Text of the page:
Another study now in the recruiting stage will test omega-3 fatty acids to prevent not only cardiovascular disease but also cancer, said Dr. JoAnn Manson, chief of preventive medicine at the Harvard-affiliated Brigham and Women's Hospital.
She is a leader of the trial, which is now recruiting 10,000 men aged 60 and older and 10,000 women aged 65 and older. The researchers will test not only the effect of omega-3 fatty acids but also of vitamin D.
Both are "very promising nutrients in prevention of cardiovascular disease, cancer and other chronic diseases," Manson said. In the five-year trial, a quarter of the participants will take both vitamin D and omega-3 fatty acids, a quarter will take the vitamin, a quarter will take the fatty acids and a quarter will take a placebo.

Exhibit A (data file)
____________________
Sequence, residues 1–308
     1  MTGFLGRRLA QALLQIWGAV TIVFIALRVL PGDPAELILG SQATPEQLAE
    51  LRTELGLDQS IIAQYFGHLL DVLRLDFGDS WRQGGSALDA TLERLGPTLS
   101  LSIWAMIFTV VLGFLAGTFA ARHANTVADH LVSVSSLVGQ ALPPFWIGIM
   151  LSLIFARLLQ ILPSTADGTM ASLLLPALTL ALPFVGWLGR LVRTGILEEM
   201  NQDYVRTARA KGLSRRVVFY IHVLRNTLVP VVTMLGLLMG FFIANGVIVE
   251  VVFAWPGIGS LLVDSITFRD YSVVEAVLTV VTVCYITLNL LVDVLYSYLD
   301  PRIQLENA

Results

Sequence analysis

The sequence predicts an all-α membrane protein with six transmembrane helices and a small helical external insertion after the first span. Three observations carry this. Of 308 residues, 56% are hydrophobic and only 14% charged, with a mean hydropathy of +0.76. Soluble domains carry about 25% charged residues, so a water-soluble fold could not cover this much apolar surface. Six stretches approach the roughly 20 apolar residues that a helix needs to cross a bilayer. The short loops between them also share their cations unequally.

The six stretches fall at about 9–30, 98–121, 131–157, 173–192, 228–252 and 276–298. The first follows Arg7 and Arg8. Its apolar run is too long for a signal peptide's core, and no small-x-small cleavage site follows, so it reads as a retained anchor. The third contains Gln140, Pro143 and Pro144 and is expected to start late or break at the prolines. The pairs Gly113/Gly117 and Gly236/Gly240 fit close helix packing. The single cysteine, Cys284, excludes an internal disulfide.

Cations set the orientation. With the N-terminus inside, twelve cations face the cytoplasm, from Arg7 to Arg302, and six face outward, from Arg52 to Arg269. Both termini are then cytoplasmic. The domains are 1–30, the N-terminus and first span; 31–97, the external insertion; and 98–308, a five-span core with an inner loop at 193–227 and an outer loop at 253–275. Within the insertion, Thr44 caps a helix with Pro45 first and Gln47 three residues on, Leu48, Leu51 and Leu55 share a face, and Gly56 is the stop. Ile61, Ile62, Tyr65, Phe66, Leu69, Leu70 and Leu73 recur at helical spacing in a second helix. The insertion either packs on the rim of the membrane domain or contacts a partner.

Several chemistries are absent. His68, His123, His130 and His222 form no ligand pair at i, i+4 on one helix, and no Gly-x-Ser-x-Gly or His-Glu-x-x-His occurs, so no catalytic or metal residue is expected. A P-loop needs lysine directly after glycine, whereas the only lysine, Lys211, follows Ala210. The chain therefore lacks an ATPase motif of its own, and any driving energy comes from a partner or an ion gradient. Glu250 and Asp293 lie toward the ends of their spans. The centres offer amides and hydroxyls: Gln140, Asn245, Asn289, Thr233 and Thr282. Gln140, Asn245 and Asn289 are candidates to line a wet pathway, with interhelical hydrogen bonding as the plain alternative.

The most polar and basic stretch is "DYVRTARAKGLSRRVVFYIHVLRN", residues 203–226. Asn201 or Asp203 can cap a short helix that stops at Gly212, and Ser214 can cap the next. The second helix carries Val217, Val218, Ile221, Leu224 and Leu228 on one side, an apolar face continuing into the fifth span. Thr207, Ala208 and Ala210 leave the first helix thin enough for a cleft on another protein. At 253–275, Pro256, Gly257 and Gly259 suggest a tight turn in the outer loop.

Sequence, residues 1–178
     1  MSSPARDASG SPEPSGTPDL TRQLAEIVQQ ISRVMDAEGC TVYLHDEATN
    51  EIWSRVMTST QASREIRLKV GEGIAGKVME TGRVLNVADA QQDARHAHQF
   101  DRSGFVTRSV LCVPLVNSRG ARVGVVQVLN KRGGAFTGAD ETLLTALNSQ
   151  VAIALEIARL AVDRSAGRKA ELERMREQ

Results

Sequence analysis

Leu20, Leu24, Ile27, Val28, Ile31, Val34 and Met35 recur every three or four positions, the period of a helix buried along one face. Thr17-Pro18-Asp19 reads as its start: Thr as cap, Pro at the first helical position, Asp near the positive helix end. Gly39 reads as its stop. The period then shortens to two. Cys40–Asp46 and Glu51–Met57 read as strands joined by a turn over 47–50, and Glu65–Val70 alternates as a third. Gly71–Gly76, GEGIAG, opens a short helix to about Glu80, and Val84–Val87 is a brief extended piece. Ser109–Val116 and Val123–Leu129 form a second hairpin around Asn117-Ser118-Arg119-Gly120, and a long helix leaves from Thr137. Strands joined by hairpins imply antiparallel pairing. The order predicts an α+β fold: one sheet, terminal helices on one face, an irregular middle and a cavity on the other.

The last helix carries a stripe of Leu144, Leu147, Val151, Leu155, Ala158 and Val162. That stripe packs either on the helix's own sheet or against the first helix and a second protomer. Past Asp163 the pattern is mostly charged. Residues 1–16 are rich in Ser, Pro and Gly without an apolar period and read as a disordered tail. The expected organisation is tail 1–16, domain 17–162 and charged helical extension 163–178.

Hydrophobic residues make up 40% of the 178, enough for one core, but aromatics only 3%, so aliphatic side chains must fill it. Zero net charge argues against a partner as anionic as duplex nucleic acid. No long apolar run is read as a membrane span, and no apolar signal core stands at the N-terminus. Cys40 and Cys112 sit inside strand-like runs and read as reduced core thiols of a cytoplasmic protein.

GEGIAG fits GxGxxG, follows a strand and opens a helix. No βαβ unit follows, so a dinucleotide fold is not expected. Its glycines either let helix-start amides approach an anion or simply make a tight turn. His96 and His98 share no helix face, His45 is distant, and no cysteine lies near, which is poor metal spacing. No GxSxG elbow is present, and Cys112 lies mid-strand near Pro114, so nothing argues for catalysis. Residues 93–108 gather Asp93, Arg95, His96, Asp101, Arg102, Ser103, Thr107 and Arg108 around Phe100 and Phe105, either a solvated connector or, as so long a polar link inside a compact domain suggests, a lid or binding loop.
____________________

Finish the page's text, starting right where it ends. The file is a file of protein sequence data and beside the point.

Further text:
Enthusiasts shouldn't anticipate the results of the trial and start taking large doses of omega-3 fatty acids, Manson warned. "It's too early to jump on the bandwagon and take megadoses, but moderate doses seem reasonable," she said.
Get the official view of the value of omega-3 fatty acids from the American Heart Association.
SOURCES: Carl J. Lavie, M.D., medical director, cardiac rehabilitation and prevention, Ochsner Clinic, New Orleans; JoAnn Manson, M.D., chief, preventive medicine, Brigham and Women's Hospital, Boston; Aug. 11, 2009, Journal of the American College of Cardiology